How To Get Started With Predictive Analytics
Predictive Analytics has recently seen a spike of excitement among many different business departments such as e.g. marketing or human resources who seek to better understand their customers or would like to look at how employees behave in their organization and improve the services offered to their clients. Unfortunately only very few business departments have access to Data Scientists and therefore often have only little experience in developing predictive models. This presents a real challenge since predictive analytics is fundamentally different from traditional reporting and without Data Science support you might find it hard to get started and feel confident in the results of your analyses. Luckily, SAP InfiniteInsight addresses this challenge directly and can be easily used by analysts since greatly reduces the complexity of data preparation and model estimation through a very high level of automation. This way you can focus on the business questions that matter and spend less time dealing with complicated IT solutions. This blog is geared towards analysts who want to understand how to get the most out of their data using SAP InfiniteInsight so here’s how you would get started with your predictive modeling initiative:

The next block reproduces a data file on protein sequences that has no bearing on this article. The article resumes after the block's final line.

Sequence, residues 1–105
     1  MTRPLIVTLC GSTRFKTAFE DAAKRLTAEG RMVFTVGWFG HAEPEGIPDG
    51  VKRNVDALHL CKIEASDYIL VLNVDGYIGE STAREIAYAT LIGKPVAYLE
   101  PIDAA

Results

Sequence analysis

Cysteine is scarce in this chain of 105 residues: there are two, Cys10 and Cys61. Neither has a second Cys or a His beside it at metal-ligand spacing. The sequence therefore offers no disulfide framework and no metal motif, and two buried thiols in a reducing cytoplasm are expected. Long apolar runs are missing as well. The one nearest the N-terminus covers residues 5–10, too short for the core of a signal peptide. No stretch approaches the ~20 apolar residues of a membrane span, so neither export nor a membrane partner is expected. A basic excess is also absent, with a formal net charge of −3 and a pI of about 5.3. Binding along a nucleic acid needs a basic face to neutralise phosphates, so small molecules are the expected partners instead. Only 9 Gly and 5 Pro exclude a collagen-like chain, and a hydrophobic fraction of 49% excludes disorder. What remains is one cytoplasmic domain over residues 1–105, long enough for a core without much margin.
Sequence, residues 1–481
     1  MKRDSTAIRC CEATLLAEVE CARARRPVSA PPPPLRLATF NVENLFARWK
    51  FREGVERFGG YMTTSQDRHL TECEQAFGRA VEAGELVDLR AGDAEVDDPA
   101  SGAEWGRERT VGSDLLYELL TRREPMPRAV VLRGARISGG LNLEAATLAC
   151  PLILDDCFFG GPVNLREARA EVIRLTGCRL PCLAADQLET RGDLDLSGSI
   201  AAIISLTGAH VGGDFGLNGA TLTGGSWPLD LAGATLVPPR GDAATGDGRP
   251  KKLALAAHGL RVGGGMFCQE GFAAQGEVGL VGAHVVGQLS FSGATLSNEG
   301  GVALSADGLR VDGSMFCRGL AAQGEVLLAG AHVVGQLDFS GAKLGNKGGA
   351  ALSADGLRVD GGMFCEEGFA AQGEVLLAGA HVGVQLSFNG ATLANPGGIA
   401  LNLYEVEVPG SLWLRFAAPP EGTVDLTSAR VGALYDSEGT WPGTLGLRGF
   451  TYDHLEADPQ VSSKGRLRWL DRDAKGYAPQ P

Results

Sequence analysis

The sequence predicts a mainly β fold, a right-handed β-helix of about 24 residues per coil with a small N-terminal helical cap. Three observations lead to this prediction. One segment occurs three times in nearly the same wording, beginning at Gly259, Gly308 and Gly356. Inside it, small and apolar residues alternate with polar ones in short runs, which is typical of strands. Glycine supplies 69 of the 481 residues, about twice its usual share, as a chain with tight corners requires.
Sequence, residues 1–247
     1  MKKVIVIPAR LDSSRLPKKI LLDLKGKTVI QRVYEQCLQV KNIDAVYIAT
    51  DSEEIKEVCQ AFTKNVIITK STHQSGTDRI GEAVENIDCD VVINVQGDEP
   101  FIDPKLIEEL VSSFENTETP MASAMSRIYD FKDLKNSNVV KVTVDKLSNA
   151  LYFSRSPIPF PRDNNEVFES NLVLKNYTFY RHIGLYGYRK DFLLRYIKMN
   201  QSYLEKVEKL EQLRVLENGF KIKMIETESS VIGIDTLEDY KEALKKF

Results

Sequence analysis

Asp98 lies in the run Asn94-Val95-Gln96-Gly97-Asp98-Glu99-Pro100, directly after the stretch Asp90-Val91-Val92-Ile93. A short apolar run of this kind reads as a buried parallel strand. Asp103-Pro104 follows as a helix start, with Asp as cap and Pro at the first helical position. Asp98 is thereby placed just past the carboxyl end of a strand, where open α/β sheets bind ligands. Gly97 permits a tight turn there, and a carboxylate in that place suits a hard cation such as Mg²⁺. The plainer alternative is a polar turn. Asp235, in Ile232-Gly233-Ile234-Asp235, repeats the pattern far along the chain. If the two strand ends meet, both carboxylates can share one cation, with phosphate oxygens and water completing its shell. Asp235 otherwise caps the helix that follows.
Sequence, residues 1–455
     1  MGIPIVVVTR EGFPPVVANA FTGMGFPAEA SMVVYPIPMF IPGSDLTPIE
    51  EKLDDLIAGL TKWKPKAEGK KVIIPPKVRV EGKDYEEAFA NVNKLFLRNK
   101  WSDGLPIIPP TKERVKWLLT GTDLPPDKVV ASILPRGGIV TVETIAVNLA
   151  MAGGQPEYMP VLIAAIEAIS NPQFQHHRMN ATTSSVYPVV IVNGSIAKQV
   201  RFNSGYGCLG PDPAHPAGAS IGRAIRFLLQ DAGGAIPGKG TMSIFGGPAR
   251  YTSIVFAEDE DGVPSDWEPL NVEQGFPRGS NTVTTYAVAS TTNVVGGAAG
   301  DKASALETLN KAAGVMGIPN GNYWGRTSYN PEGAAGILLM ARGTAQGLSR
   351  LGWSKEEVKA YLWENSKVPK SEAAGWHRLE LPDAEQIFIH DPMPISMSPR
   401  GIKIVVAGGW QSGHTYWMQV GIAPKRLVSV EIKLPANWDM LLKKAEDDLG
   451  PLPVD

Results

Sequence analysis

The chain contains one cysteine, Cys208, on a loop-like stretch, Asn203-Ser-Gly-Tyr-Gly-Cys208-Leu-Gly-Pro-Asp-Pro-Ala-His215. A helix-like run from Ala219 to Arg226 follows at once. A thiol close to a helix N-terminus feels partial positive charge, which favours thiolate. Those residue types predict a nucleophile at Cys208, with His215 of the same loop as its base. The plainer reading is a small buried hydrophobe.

Step 0: Understand the predictive analytics process
Before actually getting started, you should familiarize yourself with the general idea behind predictive analytics and how it differs from traditional business intelligence (the folks over at Data Science Central have a nice summary). In short, when using predictive analytics we want to forecast the probability of a future event based on patterns that we find in historical data for said event: For example, to predict turnover (your target) we will need historical data on turnover along with a bunch of attributes that we can use to find relationships and patterns between the attribute and target variables. Once we have derived the historical relationship and built a valid model, we will use this model on new data to forecast turnover. The forecasted results can then be used to make various business decisions. Now, the actual flow may involve a few side steps (e.g. transforming your data so that it can be used) but in essence this is the high-level process that will be described here.